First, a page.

Leaving economic factors to the side for a bit (you can tell I’m not an economist by training), there is much more to consider. Our expected lifespan has been on the rise (quick drop with covid-19, but a general upward trend). Medicine has made strides if not leaps and as a result we could easily become 85 years of age, several people becoming quite a bit older. Reaching the ripe age of 100 years is no longer a rarity, although questions can be asked as to how desirable reaching the big 1-0-0 really is. Regardless of that debate, we are going to live for a long time. To paint the picture, most people work 20-65 (or thereabouts), that is 45 years, for some it might be longer, for some shorter. That means you have 45 years to make sure you can retire, whilst not working for the 15-25 years (I’m working with some margins here) that the retirement entails. I hope you’re good at making and investing money mate. In addition to the basic mathematics of that no longer adding up as most people cannot even afford to save large enough amounts of money to consider investing in stocks, real estate or anything else really, you might want to ask yourself: what are you going to do with 20 years of free time? This is another point I mention in the “future of financial services” articles (yes, there’s two of them, lucky you). Two decades is a long time. Sure, I’ve got things I’d like to do (Yes I have a 40 year plan, back off), but I don’t think they can fill up 20 years. If you are in the position of privilege that you love your job, or your work in general, do you want to give it up just because you reached an arbitrary age? With all that experience, you are valuable. If you’d want to continue making use of the value you’re in luck: in this day and age, there are lots of ways to make money of experience, especially in the knowledge economy. But that is also an issue: you very likely have to be part of the knowledge economy, which is often occupied by the higher socio-economic classes. Additionally, you often need some starting capital and large chunks of time. Creating online courses or writing books (or other informational resources) require a lot of upfront investment, and then (hopefully) garner passive income. And let’s be honest, if someone with decades of an experience drops a book or a course, that should almost sell itself (well, to be sure do hire someone who does marketing/PR). So, from a psychological perspective, I wonder if people who held jobs they really enjoyed will really not want to do any form of work during retirement. On an economic level, I wonder what most people who are not in positions of privilege are going to do…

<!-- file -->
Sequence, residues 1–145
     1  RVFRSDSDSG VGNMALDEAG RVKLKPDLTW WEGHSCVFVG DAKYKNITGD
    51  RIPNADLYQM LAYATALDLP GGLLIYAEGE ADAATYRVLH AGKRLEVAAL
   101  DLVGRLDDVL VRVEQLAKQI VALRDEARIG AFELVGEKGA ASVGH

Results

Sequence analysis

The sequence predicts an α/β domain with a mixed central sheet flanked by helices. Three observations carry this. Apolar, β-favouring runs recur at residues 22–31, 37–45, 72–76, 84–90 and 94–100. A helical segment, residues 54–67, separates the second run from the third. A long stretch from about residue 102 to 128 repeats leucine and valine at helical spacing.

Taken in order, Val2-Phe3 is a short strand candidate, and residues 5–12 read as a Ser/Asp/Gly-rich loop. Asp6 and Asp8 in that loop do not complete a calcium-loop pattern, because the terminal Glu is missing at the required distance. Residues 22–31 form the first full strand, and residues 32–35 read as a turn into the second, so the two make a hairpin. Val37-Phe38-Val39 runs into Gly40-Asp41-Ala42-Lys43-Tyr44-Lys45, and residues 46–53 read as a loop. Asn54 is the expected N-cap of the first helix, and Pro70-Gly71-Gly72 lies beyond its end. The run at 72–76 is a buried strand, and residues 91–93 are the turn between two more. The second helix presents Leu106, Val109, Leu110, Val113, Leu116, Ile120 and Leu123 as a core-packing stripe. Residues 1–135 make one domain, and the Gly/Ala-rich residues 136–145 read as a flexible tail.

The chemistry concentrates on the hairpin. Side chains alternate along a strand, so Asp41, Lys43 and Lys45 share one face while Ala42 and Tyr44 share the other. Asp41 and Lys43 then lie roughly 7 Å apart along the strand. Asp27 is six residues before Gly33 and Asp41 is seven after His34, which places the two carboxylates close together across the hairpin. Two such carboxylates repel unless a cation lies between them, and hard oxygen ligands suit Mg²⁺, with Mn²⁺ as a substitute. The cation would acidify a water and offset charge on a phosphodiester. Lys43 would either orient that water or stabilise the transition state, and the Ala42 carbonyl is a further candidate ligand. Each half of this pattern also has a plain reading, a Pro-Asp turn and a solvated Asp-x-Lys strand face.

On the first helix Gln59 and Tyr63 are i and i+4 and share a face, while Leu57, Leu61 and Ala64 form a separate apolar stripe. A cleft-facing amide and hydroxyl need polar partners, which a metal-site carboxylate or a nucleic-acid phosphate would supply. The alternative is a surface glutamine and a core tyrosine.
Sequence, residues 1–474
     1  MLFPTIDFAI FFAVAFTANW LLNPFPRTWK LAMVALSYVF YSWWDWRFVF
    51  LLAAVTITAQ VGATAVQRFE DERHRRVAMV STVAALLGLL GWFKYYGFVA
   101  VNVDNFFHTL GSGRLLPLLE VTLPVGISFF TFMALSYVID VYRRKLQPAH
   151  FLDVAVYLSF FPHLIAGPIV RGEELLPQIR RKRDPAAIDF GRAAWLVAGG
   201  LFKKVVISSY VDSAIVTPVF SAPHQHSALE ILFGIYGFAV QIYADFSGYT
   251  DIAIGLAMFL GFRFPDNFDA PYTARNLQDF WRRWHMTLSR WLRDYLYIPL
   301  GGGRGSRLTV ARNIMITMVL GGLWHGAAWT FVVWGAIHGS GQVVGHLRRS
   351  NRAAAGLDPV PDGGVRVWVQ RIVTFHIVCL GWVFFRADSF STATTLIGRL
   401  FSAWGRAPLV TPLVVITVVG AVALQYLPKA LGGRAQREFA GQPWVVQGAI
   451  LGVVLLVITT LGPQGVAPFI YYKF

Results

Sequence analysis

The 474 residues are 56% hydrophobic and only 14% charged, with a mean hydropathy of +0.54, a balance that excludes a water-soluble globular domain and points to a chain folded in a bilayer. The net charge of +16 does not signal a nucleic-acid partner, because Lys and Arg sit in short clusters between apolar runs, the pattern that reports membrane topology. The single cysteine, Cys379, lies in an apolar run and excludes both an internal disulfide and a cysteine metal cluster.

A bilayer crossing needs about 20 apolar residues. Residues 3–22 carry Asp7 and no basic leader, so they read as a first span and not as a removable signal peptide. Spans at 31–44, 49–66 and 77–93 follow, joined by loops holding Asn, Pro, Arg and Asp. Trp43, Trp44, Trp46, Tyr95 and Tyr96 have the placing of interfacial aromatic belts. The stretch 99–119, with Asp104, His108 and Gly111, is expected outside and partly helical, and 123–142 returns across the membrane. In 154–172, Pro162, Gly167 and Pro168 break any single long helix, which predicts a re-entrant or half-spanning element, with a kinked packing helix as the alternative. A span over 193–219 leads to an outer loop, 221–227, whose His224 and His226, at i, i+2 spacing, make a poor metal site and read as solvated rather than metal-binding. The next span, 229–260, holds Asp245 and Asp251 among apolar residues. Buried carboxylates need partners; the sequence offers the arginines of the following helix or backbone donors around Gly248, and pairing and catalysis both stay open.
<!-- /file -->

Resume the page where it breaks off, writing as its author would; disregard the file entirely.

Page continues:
If you ask me, at the rate that we are going, retirement as we know it will die with the boomer generation (I said, I won’t take it back). For the generations after that, it’s a question of what will remain, and what form those remnants will take. I am a firm believer in increased taxation of the rich, it’s just unfortunate that quite a few of the rich do not seem to feel the same way. I’m also a massive proponent of mandating retirement savings, and taking the choice (the temptation) away from our present selves to the benefit of our future selves. But how do you justify taking money now to have for later from someone who is already struggling as their current wage is barely enough, if it’s enough at all? By no means do I think I have real answers to any of these questions. There are much smarter people who have worked on this for a long time, and there will be much smarter people who will continue to work on this. I just know that at the ripe age of 25, as a PhD student, I have dedicated a large chunk of my savings to the stock market, so that when I’m 65 I will at least have the option to retire (or take a sabbatical before I get bored again). Hopefully. Because I’m worried there’s not much else to count on. But then again, I’ll also be that 75 year old teaching online courses. So prepare yourself for that!


Behavioural Science

Personal Finance